By December 7, 2022 Read More →

Dispensing robots: what’s the risk?

221207_IntertronicsPeter Swanson, managing director of adhesives and dispensing equipment specialist Intertronics, assesses the risk versus reward of investing in dispensing automation.

The application of adhesives, potting compounds, encapsulants or other liquids, fluids or pastes, is something that can often be readily automated with a dispensing robot. However, manufacturers that are still performing these processes manually may be concerned about the potential risks of transforming their processes with automation. On the other hand, the potential rewards are great — including improved consistency, speed, and accuracy that lead to gains in productivity.

According to the International Federation of Robotics 2021 World Robot Report, the UK ranks below the global average of 126 robots per 10,000 employees, placing it 24th in the world in terms of robot density. Europe’s most automated country, Germany, has 371 robots per 10,000 employees, while the UK has just 101 per 10,000 employees. This trend, of increased robot use in mainland Europe contrasted with a downward trend in the UK, looks set to continue. In 2021, robot installations across Europe were up 24% to 4,302 units – a new peak – but down by 7% to 2,054 units in the UK.

Britain’s lack of investment in robots has its roots in the financial crisis of 2008. This is due, in part, to the culture of British industry. If you attend a manufacturing facility in Germany, for instance, the team might proudly point out their newest technology investments. In the UK, the plant manager is more likely to point to a trusted, reliable machine that has been in use for more than 20 years.

Britain has fallen behind the global average investment in robots. As the rest of Europe invests heavily in automation to drive productivity, the UK’s ability to remain competitive will be dependent on breaking the barriers to automation.

Automation: risk or reward?

One of the historic barriers to automation is the perceived risk of investing in new equipment. After all, if a manual process is working well then why upset the applecart? Nevertheless, recent events like Covid, the war in Ukraine, and Brexit have impacted how we do business, and how industry perceives risk.

Supply chain challenges are making it more difficult to source components, and the risks associated with long global supply chains mean that many manufacturers are reshoring their manufacturing operations. Businesses are also increasing their local supplier base. According to a survey by Make UK, three quarters of companies have increased the number of British suppliers they are using.

The success of these reshoring programmes depends on the availability of labour and, at present, the UK is facing a high number of job vacancies. If manufacturers are unable to recruit the people they need to reshore manual processes, then alternative methods of production become more attractive.

Following the events of the last few years, manufacturers are now more likely to see the opportunities of robots, rather than the risks. As Henry Ford once said: “If you need a machine and don’t buy it, you pay for it without getting it.”

With these factors in mind, the application of adhesives and other materials is a prime candidate for automation. A dispensing robot can apply materials with positional accuracy and precise quantities, and repeat that all day long. The output is often faster than a manual process and, sometimes, robots can achieve results that are not possible for a human. For example, applying an even bead of gasketing around a complex profile is not manually feasible.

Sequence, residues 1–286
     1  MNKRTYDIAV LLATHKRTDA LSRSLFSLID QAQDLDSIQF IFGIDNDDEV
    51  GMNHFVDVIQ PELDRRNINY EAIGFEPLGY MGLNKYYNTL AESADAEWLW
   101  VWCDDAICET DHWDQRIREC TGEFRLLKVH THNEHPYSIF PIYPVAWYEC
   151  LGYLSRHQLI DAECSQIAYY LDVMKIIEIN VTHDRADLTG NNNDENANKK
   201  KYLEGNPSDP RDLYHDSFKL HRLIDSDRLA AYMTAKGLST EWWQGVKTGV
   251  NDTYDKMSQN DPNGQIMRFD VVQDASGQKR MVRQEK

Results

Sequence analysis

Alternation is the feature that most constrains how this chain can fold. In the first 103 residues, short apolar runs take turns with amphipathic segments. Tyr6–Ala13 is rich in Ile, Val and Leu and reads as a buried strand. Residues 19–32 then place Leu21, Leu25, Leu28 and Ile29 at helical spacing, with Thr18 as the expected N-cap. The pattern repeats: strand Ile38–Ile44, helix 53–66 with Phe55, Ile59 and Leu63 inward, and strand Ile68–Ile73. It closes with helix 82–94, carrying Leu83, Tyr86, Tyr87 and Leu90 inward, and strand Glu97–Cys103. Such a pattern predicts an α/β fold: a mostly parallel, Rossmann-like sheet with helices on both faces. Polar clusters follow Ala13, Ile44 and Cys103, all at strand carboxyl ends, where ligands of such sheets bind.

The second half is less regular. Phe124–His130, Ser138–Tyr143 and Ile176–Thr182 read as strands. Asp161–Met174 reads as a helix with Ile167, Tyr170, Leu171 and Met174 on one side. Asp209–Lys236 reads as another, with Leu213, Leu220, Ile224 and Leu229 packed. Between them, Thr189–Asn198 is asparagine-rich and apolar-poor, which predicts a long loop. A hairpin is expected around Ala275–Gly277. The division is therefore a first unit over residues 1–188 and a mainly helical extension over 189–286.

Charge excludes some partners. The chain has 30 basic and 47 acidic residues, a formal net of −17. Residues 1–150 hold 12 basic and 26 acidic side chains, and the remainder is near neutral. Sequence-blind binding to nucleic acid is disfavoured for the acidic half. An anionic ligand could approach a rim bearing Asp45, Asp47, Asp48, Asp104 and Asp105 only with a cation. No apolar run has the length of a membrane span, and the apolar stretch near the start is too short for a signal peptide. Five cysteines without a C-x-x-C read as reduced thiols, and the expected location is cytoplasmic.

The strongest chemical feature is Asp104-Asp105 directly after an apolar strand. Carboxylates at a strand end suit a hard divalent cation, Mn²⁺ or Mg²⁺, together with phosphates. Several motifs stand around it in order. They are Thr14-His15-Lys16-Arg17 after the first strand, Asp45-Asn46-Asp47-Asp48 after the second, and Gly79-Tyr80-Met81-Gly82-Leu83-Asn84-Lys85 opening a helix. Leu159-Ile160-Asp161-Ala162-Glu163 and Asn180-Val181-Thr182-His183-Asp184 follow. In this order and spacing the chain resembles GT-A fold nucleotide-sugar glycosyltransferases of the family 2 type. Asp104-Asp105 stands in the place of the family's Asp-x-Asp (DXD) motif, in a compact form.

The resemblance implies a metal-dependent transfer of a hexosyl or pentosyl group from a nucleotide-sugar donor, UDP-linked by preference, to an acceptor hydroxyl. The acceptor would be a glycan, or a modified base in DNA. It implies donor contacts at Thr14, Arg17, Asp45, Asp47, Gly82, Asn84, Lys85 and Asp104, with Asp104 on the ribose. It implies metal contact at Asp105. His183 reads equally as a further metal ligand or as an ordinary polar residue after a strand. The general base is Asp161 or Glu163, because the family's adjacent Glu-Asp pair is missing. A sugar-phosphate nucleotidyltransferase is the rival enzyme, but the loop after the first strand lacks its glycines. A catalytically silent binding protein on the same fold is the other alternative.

For manufacturers looking to invest in dispensing automation, there are four main components to the system. They are, first, the robot used to position and actuate the dispenser and, second, the dispenser (valve, pump, syringe or cartridge as well as the required controller and material reservoir) that is chosen to distribute the material. The third component is the tooling used to hold the parts in place and, fourth, the enclosure – an important consideration for health and safety.

The specification and choice of the dispensing methodology (valve, pump, syringe, cartridge, etc) is quite complex and material dependent. By working with a reliable supplier that understands the intricacies of both the chemistry and the dispensing technology, manufacturers are more likely to invest in an optimal combination of technologies for their application – and get better results. Your supplier should also be able to integrate the dispenser with the robot and configure and customise the system with holding tools and fixtures, benches, and safety enclosures. The last piece of the puzzle is installation and training, to ensure that you are up and running right away, and that your team understands how to operate the equipment to get the best from it.

Reducing the risk

To help de-risk the investment further, check that the supplier has been validated by a third party. Do they have a number of case studies that show successful robot installations? At Intertronics, we also offer customers the opportunity to visit our Technology Centre in Kidlington, Oxfordshire, where we can support with trials and tests to establish how the equipment will perform in your application.

In many cases, the upfront cost of dispensing robots is not as high as some manufacturers think; at Intertronics, we often see our customers achieve a payback period of six months-to-a year, although it may take up-to two years in some applications.

With the UK lagging in its robot uptake, it’s time we focus on the rewards of robots: improved productivity, efficiency, output, quality, and flexibility. In applications like dispensing, which lend themselves so well to automation, manufacturers have a lot to gain and very little to lose.

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